“Largely, South Asia is a value-centric society and so we need to build solutions which take that into account. Comparable examples would be broom vs vacuum, air conditioners vs ceiling fans. However, within air cleaning products, there were no counterparts in an affordable category,” he explains.

A classic epiphany

At the house of another friend, the presence of a ceiling fan — an uncommon sight in Singapore — made Hemal realise the massive circulation of air it causes. “I started asking myself, ‘Why can't we use this circulatory power to provide cleaner air? Why don’t ceiling fans have air filters the way air conditioners do?’” he narrates.

Ceiling fan usage is high in households across income groups in India and various other countries in South Asia, and so becoming a creator of affordable ‘air hygiene’ products seemed like the obvious trajectory.

In four months, his company Air Care Innovations found its feet in Maximum City, Mumbai, and Hemal was cracking on his first product - an air cleaner, not an air purifier, mind you. “Our intent is to expand the product line to include other type of low-cost innovations,” he lets on.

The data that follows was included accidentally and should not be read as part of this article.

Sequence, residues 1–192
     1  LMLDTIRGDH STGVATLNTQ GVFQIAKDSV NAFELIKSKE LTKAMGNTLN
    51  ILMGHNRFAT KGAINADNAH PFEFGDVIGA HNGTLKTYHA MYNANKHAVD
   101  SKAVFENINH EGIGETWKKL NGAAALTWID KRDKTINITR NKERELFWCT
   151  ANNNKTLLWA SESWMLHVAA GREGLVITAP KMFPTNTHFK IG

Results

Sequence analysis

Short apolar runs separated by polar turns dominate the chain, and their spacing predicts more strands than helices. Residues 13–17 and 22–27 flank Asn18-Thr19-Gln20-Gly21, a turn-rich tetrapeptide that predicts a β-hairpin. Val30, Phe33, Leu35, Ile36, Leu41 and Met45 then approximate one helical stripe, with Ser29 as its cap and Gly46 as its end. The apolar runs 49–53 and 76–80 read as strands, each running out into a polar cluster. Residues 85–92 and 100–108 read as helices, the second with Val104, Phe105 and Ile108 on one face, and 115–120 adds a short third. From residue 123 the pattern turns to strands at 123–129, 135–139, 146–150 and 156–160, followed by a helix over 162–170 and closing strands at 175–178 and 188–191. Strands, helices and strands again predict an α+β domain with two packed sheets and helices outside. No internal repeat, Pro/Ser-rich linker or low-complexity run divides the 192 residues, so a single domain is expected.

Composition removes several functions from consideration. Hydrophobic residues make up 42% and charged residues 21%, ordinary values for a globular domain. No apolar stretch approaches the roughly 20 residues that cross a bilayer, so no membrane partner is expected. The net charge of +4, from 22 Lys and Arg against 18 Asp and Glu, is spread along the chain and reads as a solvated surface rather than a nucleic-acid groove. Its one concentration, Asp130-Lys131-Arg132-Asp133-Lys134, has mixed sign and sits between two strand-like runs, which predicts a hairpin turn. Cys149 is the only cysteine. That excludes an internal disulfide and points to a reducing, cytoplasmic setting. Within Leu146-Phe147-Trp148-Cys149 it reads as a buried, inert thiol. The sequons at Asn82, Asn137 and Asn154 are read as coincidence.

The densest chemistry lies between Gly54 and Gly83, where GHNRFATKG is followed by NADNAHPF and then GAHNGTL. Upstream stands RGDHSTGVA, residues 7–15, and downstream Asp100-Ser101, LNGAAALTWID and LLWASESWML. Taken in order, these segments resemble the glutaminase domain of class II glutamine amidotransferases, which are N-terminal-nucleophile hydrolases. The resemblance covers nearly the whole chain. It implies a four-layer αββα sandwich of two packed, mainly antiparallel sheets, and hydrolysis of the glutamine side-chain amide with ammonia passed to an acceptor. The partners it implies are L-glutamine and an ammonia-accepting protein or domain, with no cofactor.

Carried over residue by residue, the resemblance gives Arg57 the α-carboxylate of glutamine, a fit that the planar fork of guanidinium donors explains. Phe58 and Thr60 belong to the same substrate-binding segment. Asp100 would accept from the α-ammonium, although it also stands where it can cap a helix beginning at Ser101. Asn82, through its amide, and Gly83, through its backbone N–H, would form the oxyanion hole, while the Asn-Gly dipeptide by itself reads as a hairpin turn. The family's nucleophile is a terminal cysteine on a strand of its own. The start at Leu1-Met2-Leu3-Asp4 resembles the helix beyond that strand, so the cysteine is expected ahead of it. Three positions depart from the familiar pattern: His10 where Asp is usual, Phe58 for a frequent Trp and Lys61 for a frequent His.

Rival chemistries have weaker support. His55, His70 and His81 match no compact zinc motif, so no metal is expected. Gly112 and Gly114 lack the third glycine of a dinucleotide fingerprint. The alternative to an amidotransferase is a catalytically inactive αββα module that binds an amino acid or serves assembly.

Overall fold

The Airofil Air Cleaner is a unique, disposable, non-electric air cleaner in India, costing Rs 189. The product works with ceiling fans to help capture dust, pollen, and other allergens from the air within a room. It’s easy to install — simply apply one of the air cleaners to the top of the blade of a ceiling fan, and your fan is ready to be fired. Each time the ceiling fan rotates, the air cleaner starts capturing particulate matter in the air. Each cleaner is expected to last 30–60 days, depending on the environment.

A previously white Airofil installed on the wings turns completely black in a month or two, after soaking in the pollutants. 

Fanning the fire

They are selling Airofil across three different market segments — consumer, commercial, and government. “Initially, the product is targeted to consumers in larger urban cities mainly through the online channel and modern-format supermarkets/hypermarkets. We are adopting a direct as well as distributorship model across consumer and commercial segments,” he explains.